THE FACTS ABOUT OBESITY IN CHILDREN & YOUNG ADULTS : The percentage of children with obesity in the United States has more than tripled since the 1970s. Today, about one in five school-aged children (ages 6–19) has obesity.Obesity is defined as having excess body fat. Overweight is defined as having excess body weight for a particular height from fat, muscle, bone, water, or a combination of these factors. Body mass index, or BMI, is a widely used screening tool for measuring both overweight and obesity. BMI percentile is preferred for measuring children and young adults (ages 2–20) because it takes into account that they are still growing, and growing at different rates depending on their age and sex. Health professionals use growth charts to see whether a child’s weight falls into a healthy range for the child’s height, age, and sex.
- Children with a BMI at or above the 85th percentile and less than the 95th percentile are considered overweight.
- Children at or above the 95th percentile have obesity.
Childhood Obesity and Child Well-being
Childhood obesity has immediate and long-term impacts on physical, social, and emotional health. For example:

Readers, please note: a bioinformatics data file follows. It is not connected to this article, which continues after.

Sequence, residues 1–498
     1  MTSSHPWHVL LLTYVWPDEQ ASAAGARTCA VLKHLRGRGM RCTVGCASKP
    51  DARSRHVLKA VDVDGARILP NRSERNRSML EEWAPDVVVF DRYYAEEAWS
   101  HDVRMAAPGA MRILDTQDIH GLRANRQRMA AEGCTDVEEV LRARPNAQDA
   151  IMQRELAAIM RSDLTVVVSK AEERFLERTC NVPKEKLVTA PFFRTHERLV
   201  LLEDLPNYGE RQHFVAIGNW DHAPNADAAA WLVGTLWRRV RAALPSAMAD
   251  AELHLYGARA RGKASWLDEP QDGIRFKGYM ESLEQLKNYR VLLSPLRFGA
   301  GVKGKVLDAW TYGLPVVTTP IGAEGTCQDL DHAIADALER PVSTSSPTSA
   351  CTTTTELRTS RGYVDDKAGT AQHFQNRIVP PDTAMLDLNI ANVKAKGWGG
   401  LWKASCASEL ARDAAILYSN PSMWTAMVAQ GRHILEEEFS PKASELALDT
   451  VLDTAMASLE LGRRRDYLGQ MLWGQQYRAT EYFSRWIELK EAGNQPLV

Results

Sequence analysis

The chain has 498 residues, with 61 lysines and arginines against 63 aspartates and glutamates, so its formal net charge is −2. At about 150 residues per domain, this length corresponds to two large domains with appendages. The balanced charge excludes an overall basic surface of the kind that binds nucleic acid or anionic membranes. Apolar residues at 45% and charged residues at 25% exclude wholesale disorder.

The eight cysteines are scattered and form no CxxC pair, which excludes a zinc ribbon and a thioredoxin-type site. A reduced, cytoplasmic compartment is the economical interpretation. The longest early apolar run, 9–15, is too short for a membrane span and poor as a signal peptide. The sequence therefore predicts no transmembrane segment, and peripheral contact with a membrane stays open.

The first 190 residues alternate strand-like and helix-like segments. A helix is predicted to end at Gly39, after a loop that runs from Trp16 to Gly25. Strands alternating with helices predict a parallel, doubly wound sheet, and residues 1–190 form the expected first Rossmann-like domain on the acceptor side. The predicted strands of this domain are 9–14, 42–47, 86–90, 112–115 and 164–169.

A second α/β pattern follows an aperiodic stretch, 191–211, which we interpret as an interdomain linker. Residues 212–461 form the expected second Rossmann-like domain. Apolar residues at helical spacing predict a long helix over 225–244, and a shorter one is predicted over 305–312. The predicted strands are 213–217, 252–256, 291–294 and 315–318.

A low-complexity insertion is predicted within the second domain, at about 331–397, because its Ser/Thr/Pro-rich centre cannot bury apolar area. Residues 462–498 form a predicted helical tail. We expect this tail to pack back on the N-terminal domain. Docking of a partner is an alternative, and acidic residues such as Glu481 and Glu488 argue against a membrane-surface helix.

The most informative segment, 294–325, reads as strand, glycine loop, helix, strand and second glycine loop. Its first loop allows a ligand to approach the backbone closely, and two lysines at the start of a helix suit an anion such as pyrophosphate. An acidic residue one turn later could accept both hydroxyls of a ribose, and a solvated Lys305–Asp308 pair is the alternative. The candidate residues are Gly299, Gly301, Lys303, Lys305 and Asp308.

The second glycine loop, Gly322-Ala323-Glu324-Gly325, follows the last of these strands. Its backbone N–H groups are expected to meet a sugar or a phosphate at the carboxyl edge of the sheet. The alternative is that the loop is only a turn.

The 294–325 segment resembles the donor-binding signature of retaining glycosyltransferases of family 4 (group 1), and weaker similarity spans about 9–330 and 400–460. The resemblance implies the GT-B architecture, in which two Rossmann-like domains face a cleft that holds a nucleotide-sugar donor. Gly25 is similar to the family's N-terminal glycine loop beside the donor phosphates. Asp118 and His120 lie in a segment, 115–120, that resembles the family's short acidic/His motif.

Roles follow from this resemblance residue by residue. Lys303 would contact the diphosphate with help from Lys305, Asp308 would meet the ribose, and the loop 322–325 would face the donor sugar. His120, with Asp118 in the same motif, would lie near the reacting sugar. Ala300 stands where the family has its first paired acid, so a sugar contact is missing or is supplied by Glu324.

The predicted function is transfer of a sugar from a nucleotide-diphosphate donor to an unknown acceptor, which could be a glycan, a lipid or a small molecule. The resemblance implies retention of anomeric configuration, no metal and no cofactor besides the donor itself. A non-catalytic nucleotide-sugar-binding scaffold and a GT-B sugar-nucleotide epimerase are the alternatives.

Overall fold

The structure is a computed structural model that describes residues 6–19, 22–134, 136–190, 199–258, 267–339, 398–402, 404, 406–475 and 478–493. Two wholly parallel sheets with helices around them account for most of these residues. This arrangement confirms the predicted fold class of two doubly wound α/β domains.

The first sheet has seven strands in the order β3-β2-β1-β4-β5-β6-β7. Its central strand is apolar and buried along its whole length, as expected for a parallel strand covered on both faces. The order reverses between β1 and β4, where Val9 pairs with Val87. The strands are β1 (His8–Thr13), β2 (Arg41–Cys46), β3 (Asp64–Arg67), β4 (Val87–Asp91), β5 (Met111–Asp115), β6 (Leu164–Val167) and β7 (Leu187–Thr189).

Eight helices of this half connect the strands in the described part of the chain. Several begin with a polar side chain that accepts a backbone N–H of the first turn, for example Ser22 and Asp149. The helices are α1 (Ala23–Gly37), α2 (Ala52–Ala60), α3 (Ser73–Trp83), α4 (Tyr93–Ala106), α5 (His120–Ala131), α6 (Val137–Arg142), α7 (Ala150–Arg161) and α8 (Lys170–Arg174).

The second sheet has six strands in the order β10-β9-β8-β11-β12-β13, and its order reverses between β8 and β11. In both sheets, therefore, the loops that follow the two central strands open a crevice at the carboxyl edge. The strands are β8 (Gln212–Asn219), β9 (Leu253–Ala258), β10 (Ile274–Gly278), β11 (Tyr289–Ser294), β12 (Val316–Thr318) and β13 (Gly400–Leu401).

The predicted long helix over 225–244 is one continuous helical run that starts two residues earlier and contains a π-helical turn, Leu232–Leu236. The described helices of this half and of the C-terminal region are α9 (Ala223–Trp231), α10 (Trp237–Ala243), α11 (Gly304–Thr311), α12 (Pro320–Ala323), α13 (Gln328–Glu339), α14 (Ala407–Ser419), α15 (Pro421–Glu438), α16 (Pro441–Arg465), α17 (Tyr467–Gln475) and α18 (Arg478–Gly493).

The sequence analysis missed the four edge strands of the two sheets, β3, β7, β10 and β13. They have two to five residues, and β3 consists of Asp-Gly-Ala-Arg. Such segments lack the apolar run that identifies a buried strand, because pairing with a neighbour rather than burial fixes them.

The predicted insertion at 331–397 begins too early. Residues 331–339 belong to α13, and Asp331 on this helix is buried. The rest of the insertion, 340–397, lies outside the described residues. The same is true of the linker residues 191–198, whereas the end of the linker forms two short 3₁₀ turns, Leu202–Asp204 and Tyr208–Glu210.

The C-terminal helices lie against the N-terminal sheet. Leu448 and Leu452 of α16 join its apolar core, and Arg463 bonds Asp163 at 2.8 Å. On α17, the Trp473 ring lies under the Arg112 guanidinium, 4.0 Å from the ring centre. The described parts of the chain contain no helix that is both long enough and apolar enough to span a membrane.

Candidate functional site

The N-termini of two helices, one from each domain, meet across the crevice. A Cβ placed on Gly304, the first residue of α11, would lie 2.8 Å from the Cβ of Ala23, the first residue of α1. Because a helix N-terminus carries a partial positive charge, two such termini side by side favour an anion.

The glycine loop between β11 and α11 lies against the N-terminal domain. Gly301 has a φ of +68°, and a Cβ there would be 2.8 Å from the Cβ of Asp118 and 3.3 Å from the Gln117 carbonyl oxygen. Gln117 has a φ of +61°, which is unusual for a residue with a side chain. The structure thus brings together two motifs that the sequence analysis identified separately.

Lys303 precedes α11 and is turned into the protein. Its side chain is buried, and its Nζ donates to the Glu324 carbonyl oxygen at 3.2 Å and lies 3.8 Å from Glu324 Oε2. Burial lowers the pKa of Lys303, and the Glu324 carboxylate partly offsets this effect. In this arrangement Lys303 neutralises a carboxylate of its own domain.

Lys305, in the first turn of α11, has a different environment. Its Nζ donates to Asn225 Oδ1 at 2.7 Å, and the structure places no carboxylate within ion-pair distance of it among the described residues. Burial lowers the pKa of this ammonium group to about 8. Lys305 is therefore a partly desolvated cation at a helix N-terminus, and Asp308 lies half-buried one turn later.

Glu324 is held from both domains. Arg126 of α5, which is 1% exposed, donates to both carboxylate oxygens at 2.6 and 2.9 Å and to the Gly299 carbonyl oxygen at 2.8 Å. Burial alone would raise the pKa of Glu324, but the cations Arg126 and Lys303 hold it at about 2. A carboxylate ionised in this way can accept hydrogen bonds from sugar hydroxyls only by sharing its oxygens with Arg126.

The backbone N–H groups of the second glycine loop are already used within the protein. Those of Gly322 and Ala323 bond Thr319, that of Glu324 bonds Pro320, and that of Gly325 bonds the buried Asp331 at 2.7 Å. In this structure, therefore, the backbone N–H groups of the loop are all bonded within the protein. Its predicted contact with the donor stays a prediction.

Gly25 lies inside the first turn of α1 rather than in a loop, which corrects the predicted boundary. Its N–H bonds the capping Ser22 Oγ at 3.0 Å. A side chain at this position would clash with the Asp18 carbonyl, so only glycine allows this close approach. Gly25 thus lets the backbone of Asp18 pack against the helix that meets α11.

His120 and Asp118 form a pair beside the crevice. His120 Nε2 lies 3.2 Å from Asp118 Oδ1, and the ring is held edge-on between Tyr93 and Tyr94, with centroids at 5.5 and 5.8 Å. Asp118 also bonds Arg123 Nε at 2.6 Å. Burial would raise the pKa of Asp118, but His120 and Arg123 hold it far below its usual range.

- Children with obesity are at higher risk for having other chronic health conditions and diseases that impact physical health, such as asthma, sleep apnea, bone and joint problems, type 2 diabetes, and risk factors for heart disease.
- Children with obesity are bullied and teased more than their normal weight peers, and are more likely to suffer from social isolation, depression, and lower self-esteem.
- In the long term, childhood obesity also is associated with having obesity as an adult, which is linked to serious conditions and diseases such as heart disease, type 2 diabetes, metabolic syndrome, and several types of cancer.
Overweight and obesity, as well as related non-communicable diseases, are largely preventable. The goal in fighting the childhood obesity epidemic is to achieve an energy balance which can be maintained throughout the individual’s life-span.
We have an unprecedented overweight and obesity epidemic. The condition continues to worsen, striking younger and younger age groups.
In fact, the UK Department of Health has issued new physical activity guidelines urging parents to make sure their toddlers exercise. The UK, just like the U.S., struggles under an obesity epidemic. In the United States, one in three children are either overweight or obese.
Not only does obesity result in significant health issues for children, it can also lead to crippling, financial devastation in the form of massive, never-ending health bills.
To complement our post, we would like to present to you an amazon publication which we would recommend to anyone with responsibility for feeding a human being. A child, overweight or not or an adult, such as yourself!
Your Child’s Weight: Helping Without Harming by Ellyn Satter.In addition to our review below, This book gives great information and advice on how to make meal times fun and enjoyable while helping your child grow strong and confident.